Saturday, July 5, 2008

Jul 05: Bacon Gravy

When I was growing up, I ate a typical breakfast - bacon, eggs, toast or a biscuit, but I didn't discover the joys of sausage gravy until college. A few years after that, when I met Shawn, she introduced me to bacon gravy. The whole concept of gravy for breakfast was a delicious new adventure for me.

My quest for a good sausage gravy recipe continues. I believe good sausage gravy is dependent upon the sausage being used.

Bacon gravy on the other hand is very straight forward and consistent. Bacon pretty much taste the same from name brand to name brand - smoke, salt and a little sugar. However, supermarket house brands can be iffy since it seems the house brands (I've tried) are more akin to salt pork where the bacon is mainly salty and the smoke flavor is very faint to non-existent.

Bacon Gravy
3 T Bacon Grease (I know grease has a negative connotation, but used in conjunction with bacon the results are yummy!)
3 T Flour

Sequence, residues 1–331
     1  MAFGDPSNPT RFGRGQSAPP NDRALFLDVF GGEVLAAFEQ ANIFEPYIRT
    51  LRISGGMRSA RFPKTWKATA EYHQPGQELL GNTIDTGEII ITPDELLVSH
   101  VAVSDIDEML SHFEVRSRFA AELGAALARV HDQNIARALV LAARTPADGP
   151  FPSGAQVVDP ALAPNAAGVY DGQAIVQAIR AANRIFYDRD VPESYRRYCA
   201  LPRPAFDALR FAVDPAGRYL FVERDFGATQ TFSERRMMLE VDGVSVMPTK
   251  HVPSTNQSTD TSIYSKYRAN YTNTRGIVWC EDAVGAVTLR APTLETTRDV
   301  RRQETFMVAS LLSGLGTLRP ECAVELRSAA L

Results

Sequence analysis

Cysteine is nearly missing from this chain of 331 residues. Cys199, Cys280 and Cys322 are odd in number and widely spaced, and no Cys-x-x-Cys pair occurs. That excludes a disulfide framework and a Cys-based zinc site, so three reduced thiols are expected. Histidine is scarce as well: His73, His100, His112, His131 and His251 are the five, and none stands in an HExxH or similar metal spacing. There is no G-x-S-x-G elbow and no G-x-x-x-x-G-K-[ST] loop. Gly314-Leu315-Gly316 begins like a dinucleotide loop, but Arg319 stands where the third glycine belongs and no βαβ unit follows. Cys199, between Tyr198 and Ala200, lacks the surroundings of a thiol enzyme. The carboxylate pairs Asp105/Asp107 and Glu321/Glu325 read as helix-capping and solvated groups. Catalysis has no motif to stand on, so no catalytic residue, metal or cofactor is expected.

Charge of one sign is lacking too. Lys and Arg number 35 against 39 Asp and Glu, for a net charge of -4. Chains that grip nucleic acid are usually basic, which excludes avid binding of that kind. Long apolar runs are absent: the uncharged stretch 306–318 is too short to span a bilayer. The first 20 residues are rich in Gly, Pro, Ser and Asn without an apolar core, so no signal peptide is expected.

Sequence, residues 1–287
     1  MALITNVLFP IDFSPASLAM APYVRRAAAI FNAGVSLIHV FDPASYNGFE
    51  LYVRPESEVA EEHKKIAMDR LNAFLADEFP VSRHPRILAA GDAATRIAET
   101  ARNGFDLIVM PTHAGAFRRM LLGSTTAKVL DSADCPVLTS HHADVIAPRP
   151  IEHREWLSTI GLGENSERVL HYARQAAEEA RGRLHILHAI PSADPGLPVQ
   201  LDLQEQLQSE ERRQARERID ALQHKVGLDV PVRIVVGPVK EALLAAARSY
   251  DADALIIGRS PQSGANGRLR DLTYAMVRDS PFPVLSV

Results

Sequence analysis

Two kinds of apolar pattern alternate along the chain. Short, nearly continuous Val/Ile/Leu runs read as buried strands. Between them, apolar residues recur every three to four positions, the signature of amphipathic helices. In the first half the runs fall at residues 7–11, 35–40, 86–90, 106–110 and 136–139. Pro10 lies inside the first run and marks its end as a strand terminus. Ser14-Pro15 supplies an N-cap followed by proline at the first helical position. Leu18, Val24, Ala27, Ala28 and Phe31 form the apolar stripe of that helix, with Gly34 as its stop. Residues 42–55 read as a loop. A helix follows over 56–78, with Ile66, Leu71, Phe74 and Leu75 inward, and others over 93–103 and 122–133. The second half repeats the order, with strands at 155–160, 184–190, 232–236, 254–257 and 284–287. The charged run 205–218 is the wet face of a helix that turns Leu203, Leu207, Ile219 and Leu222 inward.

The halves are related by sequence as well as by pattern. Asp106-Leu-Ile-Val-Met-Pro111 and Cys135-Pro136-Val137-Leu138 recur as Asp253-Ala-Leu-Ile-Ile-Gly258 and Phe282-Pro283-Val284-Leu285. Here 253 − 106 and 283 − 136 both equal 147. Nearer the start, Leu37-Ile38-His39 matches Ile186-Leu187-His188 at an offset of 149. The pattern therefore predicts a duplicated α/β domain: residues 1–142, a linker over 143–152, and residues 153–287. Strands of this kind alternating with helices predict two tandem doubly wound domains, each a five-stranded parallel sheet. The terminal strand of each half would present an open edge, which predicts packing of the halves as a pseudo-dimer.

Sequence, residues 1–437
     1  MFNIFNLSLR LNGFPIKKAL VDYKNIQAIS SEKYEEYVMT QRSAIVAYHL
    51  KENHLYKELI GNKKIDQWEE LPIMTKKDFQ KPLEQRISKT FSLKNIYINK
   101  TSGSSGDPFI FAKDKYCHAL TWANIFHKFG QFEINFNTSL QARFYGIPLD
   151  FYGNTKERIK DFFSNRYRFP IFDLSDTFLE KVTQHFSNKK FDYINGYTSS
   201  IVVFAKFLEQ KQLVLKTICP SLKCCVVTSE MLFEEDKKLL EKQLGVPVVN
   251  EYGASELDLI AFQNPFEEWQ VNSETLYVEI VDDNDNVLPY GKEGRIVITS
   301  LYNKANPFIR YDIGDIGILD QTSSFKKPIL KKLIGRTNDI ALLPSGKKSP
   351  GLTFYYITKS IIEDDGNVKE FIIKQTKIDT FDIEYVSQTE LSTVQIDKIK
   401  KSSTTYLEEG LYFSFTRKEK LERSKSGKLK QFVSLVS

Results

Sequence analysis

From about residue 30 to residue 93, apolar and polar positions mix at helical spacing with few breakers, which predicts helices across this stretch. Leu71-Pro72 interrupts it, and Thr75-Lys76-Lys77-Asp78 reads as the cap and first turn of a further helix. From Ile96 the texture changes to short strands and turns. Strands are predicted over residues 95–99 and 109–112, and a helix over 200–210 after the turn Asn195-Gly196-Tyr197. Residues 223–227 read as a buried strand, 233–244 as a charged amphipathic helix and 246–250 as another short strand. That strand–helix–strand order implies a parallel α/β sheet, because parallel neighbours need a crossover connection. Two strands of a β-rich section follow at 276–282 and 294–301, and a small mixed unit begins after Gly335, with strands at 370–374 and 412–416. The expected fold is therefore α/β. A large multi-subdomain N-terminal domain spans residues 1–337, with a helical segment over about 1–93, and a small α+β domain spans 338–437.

2 C Milk (I used 2%)
Salt and pepper to taste

After you're finished cooking the bacon reserve some bacon grease.
Add the flour and blend in and cook over medium heat for a minute or two.

Usually I don't measure the flour, I add enough flour to form a slurry that's about the thickness of hot peanut butter on toast. I'm not trying to make a flour ball. In fact, sometimes I just add enough flour to absorb a majority of the bacon grease but mixture remains frothy as it cooks. Note the little bits of bacon fond adding to the flavor.

Slowly add 1/4 of the milk and blend together. As you continue to add the milk the "dough ball" will be transformed into gravy. Initially I used a wooden spoon to mix, but I found that a fork (or a whisk) works better at blending the milk and roux mixture.

As you continue adding the milk, the paste will transform into a gravy. Eventually, you can add all of the remaining milk. If you're serving immediately, I cook until a scrape across the bottom of the pan takes about a second or two to fill in, as shown below. Salt and pepper to taste. However, if you're not serving immediately, you can leave the gravy a little loose. Flour/roux based gravies will continue to thicken when taken off the heat.

Come to think of it... I've never tried dumping all of the milk in at once. I add the milk a little at a time to minimize lumps (floury dough balls). However, if I can add all the milk at once it will save some time in the long run. In theory, a roux is supposed to mix easily with the liquid without lumping/clumping. I should try adding all the milk at once the next time I make gravy.

The Dish
Bacon gravy over refrigerated Grands biscuits, scrambled, potatoes and bacon.

Delicious bacony goodness. :-)

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